Whether or not you usually shop for organic produce, it’s worth keeping an eye on the Dirty Dozen, the longstanding list from the Environmental Working Group (EWG) that calls out the worst offenders when it comes to pesticide residues. Some of the chemicals on fruits and veggies are harmless, but others have been linked to cancer, developmental delays in children, and more. Recently updated, the list is built on big data and testing from the federal government—and can serve as a go-to shopping guide if you have room in your budget to spend a little more on groceries.
The major upset this year: Strawberries rose to the top as the “dirtiest” fruit, beating out apples, which led for 5 years running. Of the conventional strawberries tested, 98 percent had detectable pesticide residues, 40 percent had residues from 10 or more pesticides, and some had residues from up to 17 different pesticides. Strawberries tend to be a kid favorite, which could make the numbers particularly upsetting for parents.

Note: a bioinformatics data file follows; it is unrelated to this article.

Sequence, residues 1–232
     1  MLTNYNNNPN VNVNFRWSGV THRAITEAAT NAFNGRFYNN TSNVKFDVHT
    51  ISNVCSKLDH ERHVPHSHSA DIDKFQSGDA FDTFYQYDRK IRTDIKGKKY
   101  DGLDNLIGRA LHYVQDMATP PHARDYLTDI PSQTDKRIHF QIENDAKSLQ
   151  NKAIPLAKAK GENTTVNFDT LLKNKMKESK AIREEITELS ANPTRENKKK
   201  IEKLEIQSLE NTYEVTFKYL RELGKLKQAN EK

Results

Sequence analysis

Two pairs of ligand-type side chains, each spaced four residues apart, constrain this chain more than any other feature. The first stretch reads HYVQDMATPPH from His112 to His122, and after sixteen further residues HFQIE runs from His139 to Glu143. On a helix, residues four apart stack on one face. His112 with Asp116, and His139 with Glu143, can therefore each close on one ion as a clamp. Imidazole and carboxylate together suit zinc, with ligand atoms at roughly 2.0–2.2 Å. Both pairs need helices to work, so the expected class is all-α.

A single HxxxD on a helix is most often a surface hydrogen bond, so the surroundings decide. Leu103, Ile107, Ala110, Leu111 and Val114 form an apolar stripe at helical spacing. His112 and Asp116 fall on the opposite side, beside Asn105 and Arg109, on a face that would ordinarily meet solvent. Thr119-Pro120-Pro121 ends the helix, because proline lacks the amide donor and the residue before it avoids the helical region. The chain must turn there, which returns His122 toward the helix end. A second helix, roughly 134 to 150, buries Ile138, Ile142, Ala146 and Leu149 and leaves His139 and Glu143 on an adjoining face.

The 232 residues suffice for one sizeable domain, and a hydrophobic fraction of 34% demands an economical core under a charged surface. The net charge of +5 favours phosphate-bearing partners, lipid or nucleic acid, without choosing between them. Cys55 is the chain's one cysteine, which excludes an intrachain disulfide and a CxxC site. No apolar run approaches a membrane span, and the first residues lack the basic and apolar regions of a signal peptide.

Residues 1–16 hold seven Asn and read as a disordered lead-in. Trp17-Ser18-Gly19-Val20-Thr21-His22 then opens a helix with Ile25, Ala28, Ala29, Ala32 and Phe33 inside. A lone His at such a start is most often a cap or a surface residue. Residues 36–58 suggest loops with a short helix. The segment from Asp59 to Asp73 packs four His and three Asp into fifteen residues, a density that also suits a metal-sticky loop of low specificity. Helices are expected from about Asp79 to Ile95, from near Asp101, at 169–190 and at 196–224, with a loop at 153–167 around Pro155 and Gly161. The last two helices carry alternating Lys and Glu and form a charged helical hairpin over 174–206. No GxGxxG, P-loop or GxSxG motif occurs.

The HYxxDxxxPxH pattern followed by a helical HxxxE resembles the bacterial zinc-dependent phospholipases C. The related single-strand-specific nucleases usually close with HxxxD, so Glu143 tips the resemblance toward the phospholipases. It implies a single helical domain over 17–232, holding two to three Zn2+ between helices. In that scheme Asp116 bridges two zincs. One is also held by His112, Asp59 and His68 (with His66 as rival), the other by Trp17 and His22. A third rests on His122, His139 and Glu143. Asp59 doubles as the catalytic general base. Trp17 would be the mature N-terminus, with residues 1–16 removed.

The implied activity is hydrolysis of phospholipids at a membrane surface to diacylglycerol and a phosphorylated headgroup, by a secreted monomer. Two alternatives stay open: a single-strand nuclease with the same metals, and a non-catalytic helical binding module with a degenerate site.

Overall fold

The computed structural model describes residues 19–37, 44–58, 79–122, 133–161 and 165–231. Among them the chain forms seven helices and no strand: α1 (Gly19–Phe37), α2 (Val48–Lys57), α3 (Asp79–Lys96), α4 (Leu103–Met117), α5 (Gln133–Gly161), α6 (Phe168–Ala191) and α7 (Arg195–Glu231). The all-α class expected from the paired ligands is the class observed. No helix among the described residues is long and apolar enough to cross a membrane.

Other thin-skinned fruit, like apples, peaches, and nectarines, also remain on the list year over year. Check out the list to see other fruits and veggies worth watching out for.
The Dirty Dozen:
- Bell peppers
- Cherry tomatoes
On a more positive note, the EWG also offers a list that can help you save a few pennies! The Clean 15 represents the fruits and veggies lowest in contamination, making them the safest choices to buy conventional. Superfood avocados are remarkably clean—less than 1 percent of samples showed any detectable pesticides. So you can sip your green smoothie with a smile.
The Clean 15:
- Sweet peas
Keep in mind that the Dirty Dozen and Clean 15 aren’t meant to discourage anyone from eating produce. Nutritious fruits and vegetables should play a starring role in every healthy diet. To limit your exposure to pesticides, consider these lists the next time you’re at the store, shop organic when you can, and be sure to give all your fruits and veggies a good rinse before taking a bite.
This information is for educational purposes only and is not intended as a substitute for medical diagnosis or treatment. You should not use this information to diagnose or treat a health problem or condition. Always check with your doctor before changing your diet, altering your sleep habits, taking supplements, or starting a new fitness routine.